Independent Catholic News logo Welcome Visitor
Tuesday, December 6, 2016
Holy See attends nuclear non-proliferation talks
Comment Email Print
 Archbishop Celestino Migliore, Holy See permanent observer to the United Nations, spoke yesterday in New York at the Third Session of the Preparatory Committee for the 2005 Review Conference of the Parties to the Treaty on the Non-Proliferation of Nuclear Weapons (NPT). The meeting began on April 26 and concludes May 7. In opening remarks, the archbishop said that, although this Treaty "has contributed to international peace and security, there is still much to accomplish," especially because the Treaty's integrity and good faith application are being challenged today. "The NPT promised a world in which nuclear weapons would be eliminated and nuclear technological cooperation for development would be widespread." "The current geo-political environment," stated the nuncio, "especially considering the threat posed by global terrorist networks acquiring weapons of mass destruction, requires us to reinforce these commitments. At the same time, it is becoming obvious that nuclear business as usual cannot continue." He then outlined three concerns: 1) Nuclear-weapon States have not given evidence of fulfilling their obligations related to the elimination of their nuclear arsenals; 2) Non-nuclear-weapon States Parties have Article II obligations which include not receiving, transferring, manufacturing or otherwise acquiring nuclear weapons yet "it is becoming clear that peaceful (use of nuclear energy) can be too easily diverted into weapons programs"; 3) "Yet another problem is posed by States which remain outside or withdraw from the NPT." Archbishop Migliore reiterated the Holy See position that "a 'peace' based on nuclear weapons cannot be the peace we seek in the 21st century. A global dialogue is necessary" which "should be multilateral, informed by public opinion and the views of expert analysts." He affirmed Holy See support for "an international conference to identify ways to eliminate nuclear dangers, such as those explicitly mentioned in the UN Millennium Declaration." Source: VIS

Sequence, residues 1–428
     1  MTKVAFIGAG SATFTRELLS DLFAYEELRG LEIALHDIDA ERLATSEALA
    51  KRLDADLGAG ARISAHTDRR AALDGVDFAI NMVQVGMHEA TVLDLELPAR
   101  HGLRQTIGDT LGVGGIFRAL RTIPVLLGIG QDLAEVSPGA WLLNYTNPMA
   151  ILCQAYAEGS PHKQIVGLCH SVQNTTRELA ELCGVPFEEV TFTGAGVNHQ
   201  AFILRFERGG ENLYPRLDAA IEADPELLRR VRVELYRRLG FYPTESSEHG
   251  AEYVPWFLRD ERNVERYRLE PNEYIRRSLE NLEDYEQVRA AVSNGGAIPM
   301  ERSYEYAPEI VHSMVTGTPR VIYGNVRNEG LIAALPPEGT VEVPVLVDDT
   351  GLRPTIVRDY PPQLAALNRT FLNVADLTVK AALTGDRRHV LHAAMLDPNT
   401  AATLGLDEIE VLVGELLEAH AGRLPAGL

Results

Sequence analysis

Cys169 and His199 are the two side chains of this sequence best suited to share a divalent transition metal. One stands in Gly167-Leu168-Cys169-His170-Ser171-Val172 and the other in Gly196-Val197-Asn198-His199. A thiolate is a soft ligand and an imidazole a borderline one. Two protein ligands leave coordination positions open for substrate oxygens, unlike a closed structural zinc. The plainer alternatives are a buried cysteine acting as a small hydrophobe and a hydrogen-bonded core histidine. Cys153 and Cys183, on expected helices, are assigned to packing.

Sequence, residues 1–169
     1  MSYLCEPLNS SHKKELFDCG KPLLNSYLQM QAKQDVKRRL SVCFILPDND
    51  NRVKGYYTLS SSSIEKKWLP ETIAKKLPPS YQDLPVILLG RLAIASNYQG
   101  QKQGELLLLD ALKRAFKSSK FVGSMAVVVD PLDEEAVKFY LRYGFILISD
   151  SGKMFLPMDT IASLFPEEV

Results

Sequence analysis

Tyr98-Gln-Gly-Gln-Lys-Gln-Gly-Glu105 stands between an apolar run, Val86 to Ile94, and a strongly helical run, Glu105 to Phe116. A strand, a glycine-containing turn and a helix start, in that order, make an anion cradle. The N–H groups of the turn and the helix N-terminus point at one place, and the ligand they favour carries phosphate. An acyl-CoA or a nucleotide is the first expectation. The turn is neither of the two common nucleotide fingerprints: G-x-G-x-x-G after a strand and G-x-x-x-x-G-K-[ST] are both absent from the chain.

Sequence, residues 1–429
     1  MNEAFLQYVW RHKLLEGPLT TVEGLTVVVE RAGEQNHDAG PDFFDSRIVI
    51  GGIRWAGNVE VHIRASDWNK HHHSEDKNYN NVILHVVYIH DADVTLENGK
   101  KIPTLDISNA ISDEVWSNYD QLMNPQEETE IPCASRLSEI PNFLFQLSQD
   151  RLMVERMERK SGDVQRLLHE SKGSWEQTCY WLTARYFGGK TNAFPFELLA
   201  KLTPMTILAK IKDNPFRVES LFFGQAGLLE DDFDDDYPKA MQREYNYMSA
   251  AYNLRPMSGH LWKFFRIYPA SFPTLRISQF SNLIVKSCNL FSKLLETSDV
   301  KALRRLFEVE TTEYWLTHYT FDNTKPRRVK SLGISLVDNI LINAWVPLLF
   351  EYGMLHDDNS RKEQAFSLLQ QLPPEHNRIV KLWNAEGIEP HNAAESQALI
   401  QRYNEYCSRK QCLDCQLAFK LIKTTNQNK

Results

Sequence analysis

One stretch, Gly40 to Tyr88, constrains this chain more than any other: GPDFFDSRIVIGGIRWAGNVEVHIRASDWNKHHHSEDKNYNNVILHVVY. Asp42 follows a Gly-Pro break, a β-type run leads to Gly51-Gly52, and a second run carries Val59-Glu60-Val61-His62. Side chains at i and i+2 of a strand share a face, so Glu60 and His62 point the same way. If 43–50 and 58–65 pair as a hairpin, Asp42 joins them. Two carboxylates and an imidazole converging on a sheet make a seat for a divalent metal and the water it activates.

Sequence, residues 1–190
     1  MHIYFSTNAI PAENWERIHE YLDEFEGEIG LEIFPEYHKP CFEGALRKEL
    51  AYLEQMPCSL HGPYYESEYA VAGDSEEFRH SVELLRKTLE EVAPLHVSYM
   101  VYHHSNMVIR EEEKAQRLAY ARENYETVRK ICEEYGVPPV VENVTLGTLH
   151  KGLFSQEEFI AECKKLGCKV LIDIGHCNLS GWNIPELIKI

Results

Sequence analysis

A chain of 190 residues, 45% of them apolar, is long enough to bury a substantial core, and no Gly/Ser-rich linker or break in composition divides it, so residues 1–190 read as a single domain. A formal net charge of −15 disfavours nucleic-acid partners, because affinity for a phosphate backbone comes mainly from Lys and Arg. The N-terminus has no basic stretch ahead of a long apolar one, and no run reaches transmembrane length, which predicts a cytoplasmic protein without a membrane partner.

Share:  Bookmark and Share
Tags: None


Powered by Bondware
News Publishing Software

The browser you are using is outdated!

You may not be getting all you can out of your browsing experience
and may be open to security risks!

Consider upgrading to the latest version of your browser or choose on below: